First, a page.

Are there clinically relevant anatomical differences of the proximal femur in patients with mild dysplastic and primary hip osteoarthritis? A CT-based matched-pairs cohort study

Moritz Innmann, Sven Hasberg, Wenzel Waldstein, George Grammatopoulos, Harinderjit Gill, Elise Pegg, Peter R Aldinger, Christian Merle

Research output: Contribution to journalArticle


AIM: To investigate the three-dimensional anatomy and shape of the proximal femur, comparing patients with secondary osteoarthritis (OA) due to mild developmental dysplasia of the hip (DDH) and primary hip OA. MATERIALS AND METHODS: This retrospective radiographic computed tomography (CT)-based study investigated proximal femoral anatomy in a consecutive series of 84 patients with secondary hip OA due to mild DDH (Crowe type I&II/Hartofilakidis A) compared to 84 patients with primary hip OA, matched for gender, age at surgery, and body mass index. RESULTS: Men with DDH showed higher neck shaft angles (127±5° vs. 123±4°; p<0.001), whereas women with DDH had a larger femoral head diameter (46±4 vs. 44±3 mm; p=0.002), smaller femoral offset (36±5 vs. 40±4 mm; p<0.001), decreased leg torsion (25±13° vs. 31±16°; p=0.037), and a higher neck shaft angle (128±7° vs. 123±4°; p<0.001) compared to primary OA patients. Similar patterns of the three-dimensional endosteal canal shape of the proximal femur, but a high inter-individual variability for femoral canal torsion at the meta-diaphyseal level were found for DDH and primary OA patients. CONCLUSION: Standard cementless stem designs are suitable to treat patients with secondary hip OA due to mild DDH; however, high patient variability and subtle anatomical differences in the proximal femur should be respected.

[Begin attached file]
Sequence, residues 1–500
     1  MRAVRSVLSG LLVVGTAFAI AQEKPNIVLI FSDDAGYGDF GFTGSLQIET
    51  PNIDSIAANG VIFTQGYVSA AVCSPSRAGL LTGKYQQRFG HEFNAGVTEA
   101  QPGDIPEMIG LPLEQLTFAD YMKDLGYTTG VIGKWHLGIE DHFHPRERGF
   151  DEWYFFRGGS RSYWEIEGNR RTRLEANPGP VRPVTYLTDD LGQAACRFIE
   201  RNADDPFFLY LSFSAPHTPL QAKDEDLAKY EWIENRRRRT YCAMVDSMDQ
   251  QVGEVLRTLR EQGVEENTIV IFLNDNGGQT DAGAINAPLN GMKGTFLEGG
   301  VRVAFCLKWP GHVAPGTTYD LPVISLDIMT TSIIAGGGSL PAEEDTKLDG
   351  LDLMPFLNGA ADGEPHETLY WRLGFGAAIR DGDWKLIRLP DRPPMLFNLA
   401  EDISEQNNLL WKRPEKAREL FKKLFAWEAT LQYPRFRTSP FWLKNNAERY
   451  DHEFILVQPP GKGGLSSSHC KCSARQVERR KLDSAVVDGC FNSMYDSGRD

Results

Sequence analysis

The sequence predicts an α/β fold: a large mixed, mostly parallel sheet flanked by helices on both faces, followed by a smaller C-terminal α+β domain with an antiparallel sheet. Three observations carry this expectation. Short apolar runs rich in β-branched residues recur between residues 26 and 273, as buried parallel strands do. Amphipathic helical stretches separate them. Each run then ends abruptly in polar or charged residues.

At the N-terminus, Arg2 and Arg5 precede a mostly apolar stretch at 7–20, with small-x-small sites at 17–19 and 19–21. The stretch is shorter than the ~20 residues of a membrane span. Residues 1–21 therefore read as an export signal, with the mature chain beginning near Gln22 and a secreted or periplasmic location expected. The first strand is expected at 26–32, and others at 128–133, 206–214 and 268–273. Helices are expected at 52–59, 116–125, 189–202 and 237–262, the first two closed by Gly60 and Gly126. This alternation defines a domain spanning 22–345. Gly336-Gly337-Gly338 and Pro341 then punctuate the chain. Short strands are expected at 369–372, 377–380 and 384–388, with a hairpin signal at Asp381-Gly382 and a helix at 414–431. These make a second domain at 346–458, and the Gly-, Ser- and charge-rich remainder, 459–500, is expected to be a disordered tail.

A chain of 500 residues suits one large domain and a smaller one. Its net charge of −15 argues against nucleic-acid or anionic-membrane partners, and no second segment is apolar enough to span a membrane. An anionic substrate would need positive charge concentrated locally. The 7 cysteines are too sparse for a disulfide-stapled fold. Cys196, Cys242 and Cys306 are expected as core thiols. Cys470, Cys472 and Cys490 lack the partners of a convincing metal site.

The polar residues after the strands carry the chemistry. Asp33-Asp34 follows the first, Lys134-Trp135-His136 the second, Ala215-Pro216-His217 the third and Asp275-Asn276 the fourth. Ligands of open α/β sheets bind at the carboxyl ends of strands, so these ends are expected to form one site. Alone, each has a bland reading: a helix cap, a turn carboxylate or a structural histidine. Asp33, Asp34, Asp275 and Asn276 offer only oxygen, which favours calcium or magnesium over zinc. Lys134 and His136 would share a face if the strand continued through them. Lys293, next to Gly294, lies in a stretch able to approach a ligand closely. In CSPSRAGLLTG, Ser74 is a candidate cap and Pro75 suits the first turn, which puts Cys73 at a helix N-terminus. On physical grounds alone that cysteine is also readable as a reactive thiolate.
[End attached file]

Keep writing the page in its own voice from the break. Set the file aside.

Original languageEnglish
Pages (from-to)896.e17-896.e22
Number of pages6
JournalClinical Radiology
Issue number11
Early online date26 Aug 2019
Publication statusPublished - 1 Nov 2019

ASJC Scopus subject areas

  • Radiology Nuclear Medicine and imaging

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